“Regulating the work of delivery drivers is a priority in 2023”

João Sabino, public policy director at iFood, talks about the most important topics for the company in this area

The discussion about new rules for new work models has been one of the pillars of iFood's public policy area since it was created in 2019. Almost four years later, after much dialogue with delivery people regarding labor regulation, the time has come to put proposals on the table and build together with the government and workers. 

“Our focus this year will be on regulating the work of app delivery people”, explains João Sabino, director of public policies at iFood. “If we actively participate in the development of an innovative regulatory framework, where delivery drivers, the business environment and society win, we will have achieved our big dream.”

In an interview with iFood News, João explains why it is important for the company to participate in the construction of public policies like this — or collaborate with Public Security Secretariats against criminals pretending to be delivery people and participate in the discussion of changes to PAT (Worker Food Program).

“Although it is a technology company, iFood has an impact on the real lives of people and cities. Our operation moves almost 0.5% of GDP of the country, according to data from Fipe. So it is our responsibility to look for solutions”, he says. “Today, society and the market do not accept that a company operates only in a legally legal manner. It is necessary to have legitimacy, for society to recognize that the company cares about environmental and social issues.”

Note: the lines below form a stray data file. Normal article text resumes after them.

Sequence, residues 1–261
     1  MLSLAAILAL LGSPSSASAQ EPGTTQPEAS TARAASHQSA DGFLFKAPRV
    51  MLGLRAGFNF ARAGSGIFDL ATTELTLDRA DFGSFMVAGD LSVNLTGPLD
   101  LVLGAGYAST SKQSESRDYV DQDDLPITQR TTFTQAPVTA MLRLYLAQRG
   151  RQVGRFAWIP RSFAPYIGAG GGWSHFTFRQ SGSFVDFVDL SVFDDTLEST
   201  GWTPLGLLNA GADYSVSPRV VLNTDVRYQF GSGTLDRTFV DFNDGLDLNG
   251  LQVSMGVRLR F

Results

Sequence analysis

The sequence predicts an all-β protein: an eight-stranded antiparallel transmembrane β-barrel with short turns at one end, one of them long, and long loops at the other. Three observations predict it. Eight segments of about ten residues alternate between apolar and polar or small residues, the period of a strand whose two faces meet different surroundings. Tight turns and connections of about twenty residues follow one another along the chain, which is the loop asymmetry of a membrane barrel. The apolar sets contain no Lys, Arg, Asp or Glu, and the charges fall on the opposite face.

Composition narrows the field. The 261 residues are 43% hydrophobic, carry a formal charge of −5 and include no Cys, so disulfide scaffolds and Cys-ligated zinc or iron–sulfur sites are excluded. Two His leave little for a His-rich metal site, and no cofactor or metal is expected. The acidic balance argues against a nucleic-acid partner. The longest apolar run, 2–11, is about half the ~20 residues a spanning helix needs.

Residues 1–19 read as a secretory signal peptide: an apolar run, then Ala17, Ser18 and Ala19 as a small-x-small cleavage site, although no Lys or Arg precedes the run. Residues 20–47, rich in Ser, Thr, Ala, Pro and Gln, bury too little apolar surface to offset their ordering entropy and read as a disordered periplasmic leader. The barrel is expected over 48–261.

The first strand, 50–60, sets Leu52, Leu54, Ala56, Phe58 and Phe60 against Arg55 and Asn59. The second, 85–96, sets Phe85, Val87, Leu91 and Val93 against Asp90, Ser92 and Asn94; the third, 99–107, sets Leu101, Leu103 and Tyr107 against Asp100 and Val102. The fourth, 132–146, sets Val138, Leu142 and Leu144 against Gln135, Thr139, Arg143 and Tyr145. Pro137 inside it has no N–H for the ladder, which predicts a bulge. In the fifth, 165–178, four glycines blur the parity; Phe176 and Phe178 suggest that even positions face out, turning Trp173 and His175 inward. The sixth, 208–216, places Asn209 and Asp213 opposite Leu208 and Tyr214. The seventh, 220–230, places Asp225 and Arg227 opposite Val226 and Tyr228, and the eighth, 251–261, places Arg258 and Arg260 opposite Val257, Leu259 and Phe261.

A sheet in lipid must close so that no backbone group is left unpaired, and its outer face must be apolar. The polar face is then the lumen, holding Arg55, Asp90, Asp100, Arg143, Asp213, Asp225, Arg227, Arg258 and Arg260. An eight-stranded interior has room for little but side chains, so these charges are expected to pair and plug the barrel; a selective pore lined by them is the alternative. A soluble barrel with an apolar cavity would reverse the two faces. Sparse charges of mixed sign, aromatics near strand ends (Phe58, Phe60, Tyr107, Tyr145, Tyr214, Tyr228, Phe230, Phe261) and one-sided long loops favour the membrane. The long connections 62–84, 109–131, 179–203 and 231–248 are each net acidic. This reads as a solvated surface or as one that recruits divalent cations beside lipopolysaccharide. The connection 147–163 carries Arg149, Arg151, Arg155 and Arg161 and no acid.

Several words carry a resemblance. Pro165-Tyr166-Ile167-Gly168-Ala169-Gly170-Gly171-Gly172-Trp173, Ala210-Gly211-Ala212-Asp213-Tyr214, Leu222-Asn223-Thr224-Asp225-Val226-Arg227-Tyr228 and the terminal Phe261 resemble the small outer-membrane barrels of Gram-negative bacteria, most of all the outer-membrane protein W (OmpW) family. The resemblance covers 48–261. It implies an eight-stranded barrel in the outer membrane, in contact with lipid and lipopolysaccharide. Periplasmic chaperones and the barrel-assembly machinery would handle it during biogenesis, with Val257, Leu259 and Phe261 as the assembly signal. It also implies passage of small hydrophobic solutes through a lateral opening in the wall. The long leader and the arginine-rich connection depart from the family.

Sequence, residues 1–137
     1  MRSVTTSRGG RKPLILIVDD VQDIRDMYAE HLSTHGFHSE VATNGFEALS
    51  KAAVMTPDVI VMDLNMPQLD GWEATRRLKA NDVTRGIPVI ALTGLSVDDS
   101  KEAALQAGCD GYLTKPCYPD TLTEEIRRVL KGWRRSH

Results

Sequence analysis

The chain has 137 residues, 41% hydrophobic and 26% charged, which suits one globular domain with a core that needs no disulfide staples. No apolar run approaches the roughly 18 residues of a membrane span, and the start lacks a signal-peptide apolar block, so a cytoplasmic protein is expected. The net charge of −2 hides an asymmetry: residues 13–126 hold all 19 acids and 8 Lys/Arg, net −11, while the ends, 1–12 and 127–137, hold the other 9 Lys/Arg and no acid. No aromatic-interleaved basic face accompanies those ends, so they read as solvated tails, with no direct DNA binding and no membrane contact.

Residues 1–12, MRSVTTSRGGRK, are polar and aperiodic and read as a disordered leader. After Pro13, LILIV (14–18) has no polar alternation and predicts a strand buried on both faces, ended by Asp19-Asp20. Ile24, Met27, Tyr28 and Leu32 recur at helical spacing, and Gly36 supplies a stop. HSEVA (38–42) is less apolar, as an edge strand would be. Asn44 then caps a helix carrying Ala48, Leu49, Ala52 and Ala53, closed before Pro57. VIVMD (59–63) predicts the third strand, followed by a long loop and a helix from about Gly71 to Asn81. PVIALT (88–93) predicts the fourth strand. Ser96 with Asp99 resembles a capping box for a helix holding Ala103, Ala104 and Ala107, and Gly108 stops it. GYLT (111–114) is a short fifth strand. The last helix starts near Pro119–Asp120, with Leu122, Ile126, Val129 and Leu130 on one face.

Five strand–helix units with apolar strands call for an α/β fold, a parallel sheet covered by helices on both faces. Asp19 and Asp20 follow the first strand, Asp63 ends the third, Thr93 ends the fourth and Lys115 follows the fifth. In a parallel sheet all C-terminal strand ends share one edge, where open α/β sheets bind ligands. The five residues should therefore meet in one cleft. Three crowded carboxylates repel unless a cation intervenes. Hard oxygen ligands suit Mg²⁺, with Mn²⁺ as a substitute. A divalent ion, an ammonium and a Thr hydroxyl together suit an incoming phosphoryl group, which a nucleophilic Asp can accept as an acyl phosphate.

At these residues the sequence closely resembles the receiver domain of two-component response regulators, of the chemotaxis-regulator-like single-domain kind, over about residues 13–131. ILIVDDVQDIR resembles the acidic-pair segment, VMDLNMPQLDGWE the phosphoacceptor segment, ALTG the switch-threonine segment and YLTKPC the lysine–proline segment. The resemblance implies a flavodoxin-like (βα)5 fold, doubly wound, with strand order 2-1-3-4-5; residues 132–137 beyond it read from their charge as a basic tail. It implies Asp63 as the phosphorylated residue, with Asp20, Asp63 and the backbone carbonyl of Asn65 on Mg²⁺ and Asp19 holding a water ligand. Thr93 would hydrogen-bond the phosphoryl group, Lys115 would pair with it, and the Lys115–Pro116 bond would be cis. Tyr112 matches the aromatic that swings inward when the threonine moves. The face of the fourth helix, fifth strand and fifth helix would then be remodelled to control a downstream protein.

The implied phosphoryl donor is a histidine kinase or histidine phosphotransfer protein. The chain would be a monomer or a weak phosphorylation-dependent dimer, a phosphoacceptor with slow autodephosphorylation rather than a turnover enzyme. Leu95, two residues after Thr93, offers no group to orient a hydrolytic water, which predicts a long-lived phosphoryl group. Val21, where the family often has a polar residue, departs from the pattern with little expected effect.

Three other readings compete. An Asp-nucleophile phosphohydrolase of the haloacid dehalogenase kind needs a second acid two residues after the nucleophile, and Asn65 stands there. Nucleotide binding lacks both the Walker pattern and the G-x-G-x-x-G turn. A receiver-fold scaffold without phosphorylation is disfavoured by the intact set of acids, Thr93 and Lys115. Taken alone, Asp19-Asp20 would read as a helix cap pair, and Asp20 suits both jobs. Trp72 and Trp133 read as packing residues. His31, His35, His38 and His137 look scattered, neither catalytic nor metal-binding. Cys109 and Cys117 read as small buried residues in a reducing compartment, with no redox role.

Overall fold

Read below the full interview with João about the prospects for the public policy area in 2023 and his main areas of focus.

iFN – In 2022, what were the most important themes for iFood’s public policy area?

John - A long-term project that gained traction in 2022 and will gain even more in 2023 is regulation of work in applications. It is a subject that is inserted in a global context of new work settings.

Work mediated by applications currently has a considerable percentage of the market. Technology has allowed workers to have the autonomy to carry out different activities, even concomitantly, and flexibility to move between these different jobs.

This implies the need for different regulation. The activity regulation model is no longer suitable for this new reality. Here at iFood we don't evaluate whether the CLT [Consolidation of Labor Laws] is good or bad. We are convinced that it is not used to regulate work by application.

We hear this conviction from the workers themselves. In a series of research carried out over the last three years, they point out: 2 out of 3 application workers don't want the CLT model.

For iFood, this is just the beginning of the discussion. Even though traditional legislation is not compatible with new business models, we believe that there is a need for different regulation, which encompasses these new characteristics of work.

We understand, for example, that some rights and benefits existing in the formal system of social Security need to be guaranteed to delivery people through specific regulations. 

iFN – In 2023, what will be iFood’s priority in public policies?